Asbury First United
Text: John 20: 19-28
Escape, survival, deliverance in the face of real danger-these quintessential Easter themes are found at the heart of daily life, at the center of careful thought and very often in the core of great books of all kinds. Take our upstate classic from which today's title was stolen, for example. James Fennimore Cooper, after he was expelled from Yale and after he went to sea for a few years, settled into his father's estate near Albany. In 1820 Cooperstown was still a frontier of sorts. And Rochester was the Wild West! In Albany they ate with forks, in Rochester with knives in 1820. In Albany they read by candlelight, in Rochester they were not reading in 1820. In Albany they lived in frame houses, in Rochester they had heard of houses in 1820. George Eastman was still 50 years away from being born in 1820. I tell you, it was a different world!
Anyway, in the long winter nights around the great hearth beside the Otesaga, Cooper read aloud to his family. He was a Yale student-did I mention that? In exasperation, one night in late winter, when the ice was melting and the evergreens carried that late winter bluish hue, he threw down the book he was reading and exclaimed, "I can do better than this!" His wife said, "Why don't you?" So he did.
His novel of 1826, The Last of the Mohicans, became the first American novel to receive wide readership in Europe. It is a thrilling tale of adventure, along the Mohawk, of escape and survival and deliverance. The hero Hawkeye (Natty Bumpo), who respects the customs of the native people, Chingachgook (whose son is the last of the Mohawk tribe), the duplicitous Magua ("Le Renard Subtil"-the Cunning Fox)-all are involved in a great journey of survival, amid the calamitous battles between the French and the English.
Did you ever feel like you were the last of the Mohicans? That you alone had survived some set of calamities? That you had made it and were safe when so many others had not? That you alone remained to tell something of the time before? And, while you may be thankful to have survived, you may almost inevitably feel the strange, irrational but very human sense of "survivors' guilt". As a people, confronted this year by calamity that has befallen some but not all, we may still be partly frozen, stuck, in that same irrational but utterly human contortion of guilt about just surviving.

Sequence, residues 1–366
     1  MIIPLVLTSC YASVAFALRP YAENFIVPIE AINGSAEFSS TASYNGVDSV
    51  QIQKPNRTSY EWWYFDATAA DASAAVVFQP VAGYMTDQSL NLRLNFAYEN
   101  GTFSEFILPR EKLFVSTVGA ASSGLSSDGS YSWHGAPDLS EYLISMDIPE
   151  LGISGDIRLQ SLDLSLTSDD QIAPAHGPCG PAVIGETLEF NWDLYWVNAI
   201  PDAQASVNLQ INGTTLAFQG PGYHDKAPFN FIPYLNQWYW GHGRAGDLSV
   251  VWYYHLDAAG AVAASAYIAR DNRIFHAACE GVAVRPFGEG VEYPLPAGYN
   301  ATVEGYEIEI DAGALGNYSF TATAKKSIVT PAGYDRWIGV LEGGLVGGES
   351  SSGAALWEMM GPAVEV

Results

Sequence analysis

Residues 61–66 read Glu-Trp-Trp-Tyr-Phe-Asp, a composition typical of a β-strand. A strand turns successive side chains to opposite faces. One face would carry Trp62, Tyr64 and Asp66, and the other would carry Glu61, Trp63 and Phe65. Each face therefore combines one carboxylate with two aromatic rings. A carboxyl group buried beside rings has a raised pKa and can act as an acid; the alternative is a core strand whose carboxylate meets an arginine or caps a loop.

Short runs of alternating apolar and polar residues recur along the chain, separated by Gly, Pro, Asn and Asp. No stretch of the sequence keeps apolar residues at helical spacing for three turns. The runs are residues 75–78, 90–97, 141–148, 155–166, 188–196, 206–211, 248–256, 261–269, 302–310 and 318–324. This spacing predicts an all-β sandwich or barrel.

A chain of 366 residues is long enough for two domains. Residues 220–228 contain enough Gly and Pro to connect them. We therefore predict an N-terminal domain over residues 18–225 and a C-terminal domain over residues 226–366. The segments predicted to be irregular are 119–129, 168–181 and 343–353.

The Easter gospel for you, last of whatever tribe you happen to be in, is that you can survive survival. So you have survived 9/11/01. Good. Now hear the good news: you can survive the fact that you survived. Having survived, you will prevail.
I am not a psychologist, nor the son of a psychologist. But I know that "survivor's guilt" is real. Do you remember the film "Ordinary People" (based on Judith Guest's novel), about two brothers who capsize in a boat? One dies and one survives. Mary Tyler Moore oversees a spotless home where "everything is in its proper place-except the past." Berger, the counselor says at one point: "a little advice about feelings kiddo, don't expect it always to tickle." Conrad, the survivor, very nearly takes his own life, saved at the last by wise, loving, intervening words of his counselor, and friend, who asks repeatedly, "What is it that makes you feel so bad?" The answer, at last: "I survived."
You, too, have survived. Something. Three years ago we were grieving the Columbine tragedy. The kids there testified, truly, that a strange guilt followed their grief. This is the tragic guilt of the innocent, survivor guilt. Megan hid her tears behind sunglasses: "I just feel so lucky to still be here." Greg Martinez said, "You almost feel guilty, about you know, having your kid get out." Their counselor said those who feel guilty for making it out alive "need to be reassured that they can celebrate their survival." (AP, A Levinson, 4/99).
Here is a description of the effects of survivor's guilt: "general anxiety, depression, inability to sleep, poor memory, difficulty concentrating, difficulty completing tasks, an inexplicable sense of guilt." (Borgess).
That sounds a lot like human life in general! This is our condition. "Like the beating of the heart, it is always present." (Tillich). It? Tragedy, estrangement, sin, unbelief, hubris, concupiscence, separation, guilt, meaninglessness, despair, anxiety. Existential survivor's guilt. "It is experienced as something for which one is responsible, in spite of its universal, tragic actuality." (Tillich).
In the light of Resurrection, we find the power not only to survive but to prevail. We find the power to enter a new life, to change, to risk. We find courage that will take us beyond mere survival.
In Toronto there lives the great Jewish teacher, and Holocaust survivor, Emil Fackenheim. Once he was asked, "How can you practice faith in God after the horror of the Holocaust?" (That may be the single most important theological question of our time.) His reply: "I practice faith, in the face of Holocaust, "In order not to permit Hitler any posthumous victories." He survived, and survived his survival.
To prevail beyond survival is to walk in the light. We learn to walk in the light in our own experience, which is the claim and role of Thomas.